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  • What’s in Your Knitting Tool Kit?
  • Rob Colon

What’s in Your Knitting Tool Kit?

This begins an ongoing series where we ask knitters of all skill levels what they carry with them in their ‘knitting tool kits’ - the items they always have in their project pouches, totes, bags and fanny packs! This week, Greg (KnittingDaddy on Ravelry) shares what he’s a fan of with us.

What’s in you knitting tool kit? This is a question that I hear with some frequency. It’s a question I love to answer, because I love showing other knitters the tools I use and I love seeing what other knitters keep in their tool kits, too.

Let me show you my primary tool kit. Actually, I have two kits — a couple of little pouches that friends of mine made for me. They are perfect for keeping the various little things I find myself needing when I’m knitting. Sometimes, I’ll use one pouch more than the other, sometimes I’ll switch. If I’m working on multiple active projects, I might be using both pouches at the same time, in different project bags. The pouches are about the size of my hand and easily drop into whatever project bag I need to drop it in.

Let’s take a look at the tools I keep in my pouches!

First, there are the measuring tools. Probably the most useful tool to have is a tape measure. Small, 5-foot tape measures are often given out as promotional items. You can also find really cute tape measures and tape measure covers at your local yarn shop. In addition to a standard tape measure, I’ve discovered that a 2.5-inch acrylic square ruler is a great tool to have handy. The square ruler helps with gauge measurements, and I think it’s easier to measure the brim of a hat with a hard ruler than with a flexible tape.. You can find it at many of the big-box craft stores and quilting shops.

The next important tool to have is something to cut my yarn with. I have some snips, I have little scissors, and I have a small pocket knife. I find that I keep going back to the snips as the easiest to operate quickly. I should probably take the pocket knife out of my tool kit. I don’t really use it since I have snips or scissors.

I keep my yarn needles for weaving in ends in my tool kit. I have metal needles in various sizes. They live in the cylindrical container that they came in, and that container fits very nicely in my pouch. I particularly enjoy the needles with a slightly bent tip. The bent tip makes it easier to get the needle exactly where you want it when you’re weaving in ends. In addition to weaving in ends, these needles can double as a cable needle in a pinch.

What’s a tool kit without stitch markers? Ring markers are nice to have around, but I find that I usually get all the ring markers I need when I start a project. What’s really helpful in my tool kit is the locking stitch markers. I use them all the time to secure dropped stitches, mark certain features of my project (the right side of my work, when I started an increase/decrease, etc.). I like to attach a locking stitch marker (or two) on the container that my yarn needles live in so that I’m more likely to have one when I need it.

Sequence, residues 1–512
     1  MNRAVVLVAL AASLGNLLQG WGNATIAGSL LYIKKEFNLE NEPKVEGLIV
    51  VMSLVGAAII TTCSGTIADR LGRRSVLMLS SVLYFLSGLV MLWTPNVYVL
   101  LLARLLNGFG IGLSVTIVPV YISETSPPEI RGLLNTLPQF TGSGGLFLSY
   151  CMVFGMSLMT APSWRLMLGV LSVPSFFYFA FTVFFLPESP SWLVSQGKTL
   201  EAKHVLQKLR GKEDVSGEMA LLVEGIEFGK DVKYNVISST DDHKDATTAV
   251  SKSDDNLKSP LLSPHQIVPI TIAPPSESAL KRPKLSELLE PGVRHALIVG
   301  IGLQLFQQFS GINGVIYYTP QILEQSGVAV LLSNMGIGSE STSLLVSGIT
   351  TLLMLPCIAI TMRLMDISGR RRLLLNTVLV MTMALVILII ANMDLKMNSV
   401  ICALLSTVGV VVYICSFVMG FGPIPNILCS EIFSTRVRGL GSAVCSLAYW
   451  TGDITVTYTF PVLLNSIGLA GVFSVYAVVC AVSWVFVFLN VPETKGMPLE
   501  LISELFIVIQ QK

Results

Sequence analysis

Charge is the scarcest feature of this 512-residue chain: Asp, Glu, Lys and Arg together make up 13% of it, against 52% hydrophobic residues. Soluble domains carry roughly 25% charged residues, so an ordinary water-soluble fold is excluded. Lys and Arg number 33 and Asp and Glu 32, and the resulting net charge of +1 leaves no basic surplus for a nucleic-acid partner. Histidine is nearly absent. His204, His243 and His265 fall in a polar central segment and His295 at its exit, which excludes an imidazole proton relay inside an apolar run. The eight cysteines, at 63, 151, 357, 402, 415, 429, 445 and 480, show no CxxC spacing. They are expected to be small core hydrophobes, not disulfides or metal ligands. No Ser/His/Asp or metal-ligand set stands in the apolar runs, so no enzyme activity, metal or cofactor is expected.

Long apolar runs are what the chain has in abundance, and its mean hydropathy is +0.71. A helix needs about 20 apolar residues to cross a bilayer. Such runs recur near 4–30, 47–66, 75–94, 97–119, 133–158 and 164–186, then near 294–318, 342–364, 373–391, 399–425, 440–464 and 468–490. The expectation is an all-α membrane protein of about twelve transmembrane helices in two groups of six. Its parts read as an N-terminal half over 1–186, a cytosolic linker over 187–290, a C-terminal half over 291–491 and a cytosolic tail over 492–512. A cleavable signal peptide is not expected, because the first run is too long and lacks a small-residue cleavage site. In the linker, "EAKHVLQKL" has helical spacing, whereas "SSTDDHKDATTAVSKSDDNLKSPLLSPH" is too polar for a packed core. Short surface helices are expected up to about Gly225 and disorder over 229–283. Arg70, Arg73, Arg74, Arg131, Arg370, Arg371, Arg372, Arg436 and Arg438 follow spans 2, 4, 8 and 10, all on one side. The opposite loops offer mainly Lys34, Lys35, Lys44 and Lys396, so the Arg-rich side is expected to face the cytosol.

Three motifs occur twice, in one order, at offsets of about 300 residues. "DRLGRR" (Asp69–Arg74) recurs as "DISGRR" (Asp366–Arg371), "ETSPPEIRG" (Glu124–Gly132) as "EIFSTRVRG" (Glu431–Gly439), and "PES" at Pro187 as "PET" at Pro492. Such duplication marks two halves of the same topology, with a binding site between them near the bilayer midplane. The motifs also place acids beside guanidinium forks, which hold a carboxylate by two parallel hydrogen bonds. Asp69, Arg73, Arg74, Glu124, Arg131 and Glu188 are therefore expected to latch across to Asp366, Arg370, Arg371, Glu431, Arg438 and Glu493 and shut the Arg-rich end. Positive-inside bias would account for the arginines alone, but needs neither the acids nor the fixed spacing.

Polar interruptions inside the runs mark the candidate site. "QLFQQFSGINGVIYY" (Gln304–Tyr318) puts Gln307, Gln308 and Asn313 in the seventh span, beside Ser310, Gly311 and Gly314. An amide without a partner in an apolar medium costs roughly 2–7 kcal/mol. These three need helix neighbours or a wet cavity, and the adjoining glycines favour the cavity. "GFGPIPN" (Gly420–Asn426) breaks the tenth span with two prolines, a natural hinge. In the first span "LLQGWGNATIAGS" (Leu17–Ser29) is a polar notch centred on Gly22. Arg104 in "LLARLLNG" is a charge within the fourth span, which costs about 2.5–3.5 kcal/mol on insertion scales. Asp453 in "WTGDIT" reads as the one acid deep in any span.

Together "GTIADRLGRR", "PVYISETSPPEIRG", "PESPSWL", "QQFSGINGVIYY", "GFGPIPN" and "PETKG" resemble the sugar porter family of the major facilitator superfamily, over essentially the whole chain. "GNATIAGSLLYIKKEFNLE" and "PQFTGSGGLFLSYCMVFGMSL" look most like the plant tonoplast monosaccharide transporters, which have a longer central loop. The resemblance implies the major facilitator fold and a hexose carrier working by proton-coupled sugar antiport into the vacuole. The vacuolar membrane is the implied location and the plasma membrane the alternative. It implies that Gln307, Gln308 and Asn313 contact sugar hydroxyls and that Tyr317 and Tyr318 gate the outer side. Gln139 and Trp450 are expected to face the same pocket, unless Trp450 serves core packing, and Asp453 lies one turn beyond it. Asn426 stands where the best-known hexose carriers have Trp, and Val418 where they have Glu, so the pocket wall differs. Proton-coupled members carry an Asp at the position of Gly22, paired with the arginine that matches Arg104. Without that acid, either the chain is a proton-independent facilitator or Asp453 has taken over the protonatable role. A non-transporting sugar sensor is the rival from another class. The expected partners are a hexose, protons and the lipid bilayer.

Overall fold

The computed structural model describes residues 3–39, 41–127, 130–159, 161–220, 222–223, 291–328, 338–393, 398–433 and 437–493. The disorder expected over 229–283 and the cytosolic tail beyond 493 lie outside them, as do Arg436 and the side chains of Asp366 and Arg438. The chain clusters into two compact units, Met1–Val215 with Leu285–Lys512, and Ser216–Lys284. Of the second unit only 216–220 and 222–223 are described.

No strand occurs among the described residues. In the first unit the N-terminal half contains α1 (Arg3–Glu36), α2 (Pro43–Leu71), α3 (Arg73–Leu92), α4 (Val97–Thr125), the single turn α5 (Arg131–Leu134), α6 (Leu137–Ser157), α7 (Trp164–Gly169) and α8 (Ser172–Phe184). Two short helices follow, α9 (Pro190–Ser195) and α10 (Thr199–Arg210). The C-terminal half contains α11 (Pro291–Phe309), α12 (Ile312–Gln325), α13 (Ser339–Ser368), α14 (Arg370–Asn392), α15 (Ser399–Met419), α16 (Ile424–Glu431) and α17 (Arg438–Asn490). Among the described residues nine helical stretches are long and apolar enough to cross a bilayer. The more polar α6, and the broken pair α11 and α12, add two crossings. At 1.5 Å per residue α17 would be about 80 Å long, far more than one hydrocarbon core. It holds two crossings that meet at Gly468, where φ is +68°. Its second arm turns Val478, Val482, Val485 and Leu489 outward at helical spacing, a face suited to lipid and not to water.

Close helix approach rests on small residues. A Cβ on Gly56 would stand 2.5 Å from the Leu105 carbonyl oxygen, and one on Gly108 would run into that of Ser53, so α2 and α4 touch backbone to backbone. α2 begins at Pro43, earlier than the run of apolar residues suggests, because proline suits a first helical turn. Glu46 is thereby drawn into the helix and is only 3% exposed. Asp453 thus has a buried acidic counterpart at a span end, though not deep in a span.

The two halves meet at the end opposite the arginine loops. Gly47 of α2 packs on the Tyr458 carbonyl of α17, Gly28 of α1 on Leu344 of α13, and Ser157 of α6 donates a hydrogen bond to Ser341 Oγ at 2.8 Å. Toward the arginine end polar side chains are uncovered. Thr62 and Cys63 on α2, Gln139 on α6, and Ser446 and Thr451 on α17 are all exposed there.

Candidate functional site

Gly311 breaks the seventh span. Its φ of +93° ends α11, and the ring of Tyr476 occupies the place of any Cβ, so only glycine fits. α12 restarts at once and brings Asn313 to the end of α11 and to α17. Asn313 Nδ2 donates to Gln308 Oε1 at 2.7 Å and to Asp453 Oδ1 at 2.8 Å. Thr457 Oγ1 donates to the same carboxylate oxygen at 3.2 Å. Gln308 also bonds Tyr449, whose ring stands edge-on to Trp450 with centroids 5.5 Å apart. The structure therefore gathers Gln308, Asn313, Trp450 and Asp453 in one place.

Every knitter makes mistakes, and I usually have several adventures in correcting errors on every project. Because of this, I keep a few tools for picking up dropped stitches handy. When I first learned how to pick up dropped stitches, I used a small crochet hook. Since then, I’ve found a few tools specifically designed for picking up and laddering dropped stitches. With all of these tools being smaller than a crochet hook, they fit in my hand better when I’m correcting mistakes. The pointed end on the metal tool makes it easy to use as a cable needle if needed. The flared point on one end of the wooden tool makes it easy to push through the fabric when laddering stitches. And hooks on both ends of the plastic Fix-A-Stitch makes it easy to fix a dropped stitch in garter. Depending on what kind of project I’m working on, at least one of these tools will be in my pouch.

Finally, I have a digital row counter that I can wear on my finger. I love the convenience of just mashing a button to increase my row count, but I find that I use this tool less and less. Over the years, I’ve had a few instances where the counter was accidentally incremented — I assume because the button was hit when it was jostled in the bag. As a result, I don’t fully trust it. But it’s still mighty convenient, so it’s stayed in my kit. For now.

Those are my go-to tools for my tool kit. I also have a couple of special-purpose measuring tools that I use frequently. Most recently, I’ve been doing a decent amount of sock knitting. As a result, I’ll drop my Sock Ruler in the project bag. I love how the curved end nestles right into the toe or heel of a sock, making it easy to get an accurate measurement.

There you have it: tools to measure my yarn, cut my yarn, and manipulate my yarn when I make mistakes. That pretty much covers my tool kit. So now I’m asking you – what’s in your knitting tool kit? Leave a comment and let me know.

Keep on knitting for the ones you love!

This post was written for us by Greg, who we affectionately know as KnittingDaddy on Ravelry. Greg is a fixture in our group boards and a regular reviewer of Knitcrate shipments on the his podcast, the Unraveling Podcast

Get great notions in our Artisan and Sock Crates to help build your own knitting kits here! 

  • Rob Colon